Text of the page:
Circulating 25-hydroxyvitamin D and risk of esophageal and gastric cancer: Cohort Consortium Vitamin D Pooling Project of Rarer Cancers.

National Cancer Institute, Bethesda, Maryland 20852, USA.
American journal of epidemiology (Impact Factor: 4.98). 07/2010; 172(1):94-106. DOI: 10.1093/aje/kwq121
Source: PubMed

ABSTRACT Upper gastrointestinal (GI) cancers of the stomach and esophagus have high incidence and mortality worldwide, but they are uncommon in Western countries. Little information exists on the association between vitamin D and risk of upper GI cancers. This study examined the association between circulating 25-hydroxyvitamin D (25(OH)D) and upper GI cancer risk in the Cohort Consortium Vitamin D Pooling Project of Rarer Cancers. Concentrations of 25(OH)D were measured from 1,065 upper GI cancer cases and 1,066 age-, sex-, race-, and season-of blood draw-matched controls from 8 prospective cohort studies. In multivariate-adjusted models, circulating 25(OH)D concentration was not significantly associated with upper GI cancer risk. Subgroup analysis by race showed that among Asians, but not Caucasians, lower concentrations of 25(OH)D (<25 nmol/L) were associated with a statistically significant decreased risk of upper GI cancer (reference: 50-<75 nmol/L) (odds ratio = 0.53, 95% confidence interval: 0.31, 0.91; P trend = 0.003). Never smokers with concentrations of <25 nmol/L showed a lower risk of upper GI cancers (odds ratio = 0.55, 95% confidence interval: 0.31, 0.96). Subgroup analyses by alcohol consumption produced opposing trends. Results do not support the hypothesis that interventions aimed at increasing vitamin D status would lead to a lower risk of these highly fatal cancers.

  • [Show abstract] [Hide abstract]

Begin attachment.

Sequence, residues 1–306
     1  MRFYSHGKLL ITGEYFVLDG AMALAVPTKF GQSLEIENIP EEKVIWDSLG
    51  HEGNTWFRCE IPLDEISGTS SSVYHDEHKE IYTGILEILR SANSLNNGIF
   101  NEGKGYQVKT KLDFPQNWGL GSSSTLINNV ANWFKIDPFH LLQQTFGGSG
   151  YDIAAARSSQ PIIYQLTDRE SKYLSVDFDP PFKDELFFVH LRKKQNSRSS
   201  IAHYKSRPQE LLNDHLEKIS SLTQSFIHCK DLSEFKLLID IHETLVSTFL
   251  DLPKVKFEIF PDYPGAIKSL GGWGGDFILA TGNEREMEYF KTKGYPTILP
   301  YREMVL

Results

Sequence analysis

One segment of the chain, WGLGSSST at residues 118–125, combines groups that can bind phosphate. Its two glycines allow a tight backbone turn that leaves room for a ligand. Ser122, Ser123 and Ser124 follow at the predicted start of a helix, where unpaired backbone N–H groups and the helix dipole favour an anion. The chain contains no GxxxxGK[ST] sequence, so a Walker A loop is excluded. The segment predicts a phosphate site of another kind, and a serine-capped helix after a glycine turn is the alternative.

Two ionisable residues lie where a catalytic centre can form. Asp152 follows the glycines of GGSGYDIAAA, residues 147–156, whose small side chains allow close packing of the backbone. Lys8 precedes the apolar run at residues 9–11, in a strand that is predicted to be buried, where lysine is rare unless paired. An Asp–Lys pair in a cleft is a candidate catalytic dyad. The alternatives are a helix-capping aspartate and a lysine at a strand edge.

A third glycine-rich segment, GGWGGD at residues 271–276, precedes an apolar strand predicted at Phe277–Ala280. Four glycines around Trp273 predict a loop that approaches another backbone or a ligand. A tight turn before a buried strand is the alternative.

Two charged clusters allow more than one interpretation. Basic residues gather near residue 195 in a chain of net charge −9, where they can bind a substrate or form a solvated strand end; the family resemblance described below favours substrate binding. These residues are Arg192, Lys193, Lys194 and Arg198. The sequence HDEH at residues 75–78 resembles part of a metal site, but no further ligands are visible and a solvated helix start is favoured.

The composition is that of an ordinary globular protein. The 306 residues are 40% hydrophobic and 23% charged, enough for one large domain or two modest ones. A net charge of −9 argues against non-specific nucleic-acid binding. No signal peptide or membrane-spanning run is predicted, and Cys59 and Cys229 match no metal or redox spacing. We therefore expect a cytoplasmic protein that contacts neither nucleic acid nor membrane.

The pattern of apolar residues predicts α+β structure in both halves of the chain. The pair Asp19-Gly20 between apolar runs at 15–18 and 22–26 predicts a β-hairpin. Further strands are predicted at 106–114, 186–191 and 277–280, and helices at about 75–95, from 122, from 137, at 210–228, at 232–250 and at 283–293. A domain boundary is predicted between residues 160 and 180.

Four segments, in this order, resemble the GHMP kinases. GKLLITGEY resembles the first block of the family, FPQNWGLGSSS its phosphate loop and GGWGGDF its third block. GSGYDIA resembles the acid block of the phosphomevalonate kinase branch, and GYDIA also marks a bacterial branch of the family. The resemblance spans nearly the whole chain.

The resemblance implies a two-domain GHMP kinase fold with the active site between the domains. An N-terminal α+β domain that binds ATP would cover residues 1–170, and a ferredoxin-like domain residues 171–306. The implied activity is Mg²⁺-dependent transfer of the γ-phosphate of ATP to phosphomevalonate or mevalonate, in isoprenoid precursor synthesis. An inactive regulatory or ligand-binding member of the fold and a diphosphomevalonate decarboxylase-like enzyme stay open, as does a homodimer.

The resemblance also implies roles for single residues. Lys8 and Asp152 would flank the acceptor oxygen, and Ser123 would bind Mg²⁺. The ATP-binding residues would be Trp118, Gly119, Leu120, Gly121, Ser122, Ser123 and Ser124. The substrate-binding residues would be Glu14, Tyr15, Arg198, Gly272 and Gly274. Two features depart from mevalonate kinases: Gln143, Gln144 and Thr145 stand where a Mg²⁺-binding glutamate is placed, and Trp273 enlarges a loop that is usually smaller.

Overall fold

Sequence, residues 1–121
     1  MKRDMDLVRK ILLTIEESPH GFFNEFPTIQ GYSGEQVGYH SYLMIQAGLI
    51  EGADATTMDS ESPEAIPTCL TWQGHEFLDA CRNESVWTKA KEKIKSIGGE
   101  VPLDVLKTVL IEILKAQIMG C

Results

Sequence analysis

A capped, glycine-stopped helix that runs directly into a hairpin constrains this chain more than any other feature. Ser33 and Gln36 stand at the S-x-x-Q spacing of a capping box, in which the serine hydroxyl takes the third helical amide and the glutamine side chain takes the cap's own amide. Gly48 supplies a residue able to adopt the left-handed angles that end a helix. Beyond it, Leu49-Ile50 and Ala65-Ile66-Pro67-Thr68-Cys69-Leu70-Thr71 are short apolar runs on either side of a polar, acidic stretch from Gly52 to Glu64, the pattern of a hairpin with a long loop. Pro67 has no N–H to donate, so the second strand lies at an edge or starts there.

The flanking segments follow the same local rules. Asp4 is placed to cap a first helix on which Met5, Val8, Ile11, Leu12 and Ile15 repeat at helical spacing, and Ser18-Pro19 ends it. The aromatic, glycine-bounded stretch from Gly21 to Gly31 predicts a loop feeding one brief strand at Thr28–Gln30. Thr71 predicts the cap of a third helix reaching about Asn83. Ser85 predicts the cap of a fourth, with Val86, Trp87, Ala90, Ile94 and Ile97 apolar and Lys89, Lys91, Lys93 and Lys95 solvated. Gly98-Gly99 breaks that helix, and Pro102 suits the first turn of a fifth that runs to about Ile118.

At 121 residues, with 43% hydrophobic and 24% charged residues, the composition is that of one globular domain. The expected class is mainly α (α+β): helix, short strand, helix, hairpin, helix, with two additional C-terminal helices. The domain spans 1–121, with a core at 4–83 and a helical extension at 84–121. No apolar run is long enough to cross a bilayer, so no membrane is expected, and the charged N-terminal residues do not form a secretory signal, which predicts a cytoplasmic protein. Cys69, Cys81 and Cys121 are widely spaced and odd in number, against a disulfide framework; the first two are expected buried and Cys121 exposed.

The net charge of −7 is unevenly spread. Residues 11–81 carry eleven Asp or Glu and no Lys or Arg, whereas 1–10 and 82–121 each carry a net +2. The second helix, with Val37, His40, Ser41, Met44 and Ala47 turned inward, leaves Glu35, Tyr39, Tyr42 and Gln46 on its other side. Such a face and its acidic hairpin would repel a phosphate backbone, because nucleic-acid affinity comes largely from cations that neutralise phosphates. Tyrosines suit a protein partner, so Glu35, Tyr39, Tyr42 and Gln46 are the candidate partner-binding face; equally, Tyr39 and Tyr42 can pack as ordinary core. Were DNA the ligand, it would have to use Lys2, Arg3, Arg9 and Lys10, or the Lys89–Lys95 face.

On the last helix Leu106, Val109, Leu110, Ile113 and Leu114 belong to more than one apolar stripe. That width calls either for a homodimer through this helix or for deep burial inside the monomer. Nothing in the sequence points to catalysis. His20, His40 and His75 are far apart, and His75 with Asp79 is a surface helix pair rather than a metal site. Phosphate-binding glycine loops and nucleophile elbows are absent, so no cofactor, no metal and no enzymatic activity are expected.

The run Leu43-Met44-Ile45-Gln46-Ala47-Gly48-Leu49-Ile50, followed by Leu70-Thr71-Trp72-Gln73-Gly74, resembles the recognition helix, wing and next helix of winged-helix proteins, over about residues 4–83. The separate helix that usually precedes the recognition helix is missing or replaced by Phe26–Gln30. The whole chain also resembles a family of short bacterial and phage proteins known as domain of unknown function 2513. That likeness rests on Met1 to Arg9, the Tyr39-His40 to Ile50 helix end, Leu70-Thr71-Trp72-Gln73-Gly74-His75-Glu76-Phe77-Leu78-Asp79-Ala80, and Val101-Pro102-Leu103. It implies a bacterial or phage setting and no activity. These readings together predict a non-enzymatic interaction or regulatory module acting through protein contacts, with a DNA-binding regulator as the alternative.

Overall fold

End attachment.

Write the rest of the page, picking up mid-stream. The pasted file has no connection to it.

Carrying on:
ABSTRACT: Low serum concentrations of 25-hydroxyvitamin D (25[OH]D) have been associated with many non-skeletal disorders. However, whether low 25(OH)D is the cause or result of ill health is not known. We did a systematic search of prospective and intervention studies that assessed the effect of 25(OH)D concentrations on non-skeletal health outcomes in individuals aged 18 years or older. We identified 290 prospective cohort studies (279 on disease occurrence or mortality, and 11 on cancer characteristics or survival), and 172 randomised trials of major health outcomes and of physiological parameters related to disease risk or inflammatory status. Investigators of most prospective studies reported moderate to strong inverse associations between 25(OH)D concentrations and cardiovascular diseases, serum lipid concentrations, inflammation, glucose metabolism disorders, weight gain, infectious diseases, multiple sclerosis, mood disorders, declining cognitive function, impaired physical functioning, and all-cause mortality. High 25(OH)D concentrations were not associated with a lower risk of cancer, except colorectal cancer. Results from intervention studies did not show an effect of vitamin D supplementation on disease occurrence, including colorectal cancer. In 34 intervention studies including 2805 individuals with mean 25(OH)D concentration lower than 50 nmol/L at baseline supplementation with 50 μg per day or more did not show better results. Supplementation in elderly people (mainly women) with 20 μg vitamin D per day seemed to slightly reduce all-cause mortality. The discrepancy between observational and intervention studies suggests that low 25(OH)D is a marker of ill health. Inflammatory processes involved in disease occurrence and clinical course would reduce 25(OH)D, which would explain why low vitamin D status is reported in a wide range of disorders. In elderly people, restoration of vitamin D deficits due to ageing and lifestyle changes induced by ill health could explain why low-dose supplementation leads to slight gains in survival.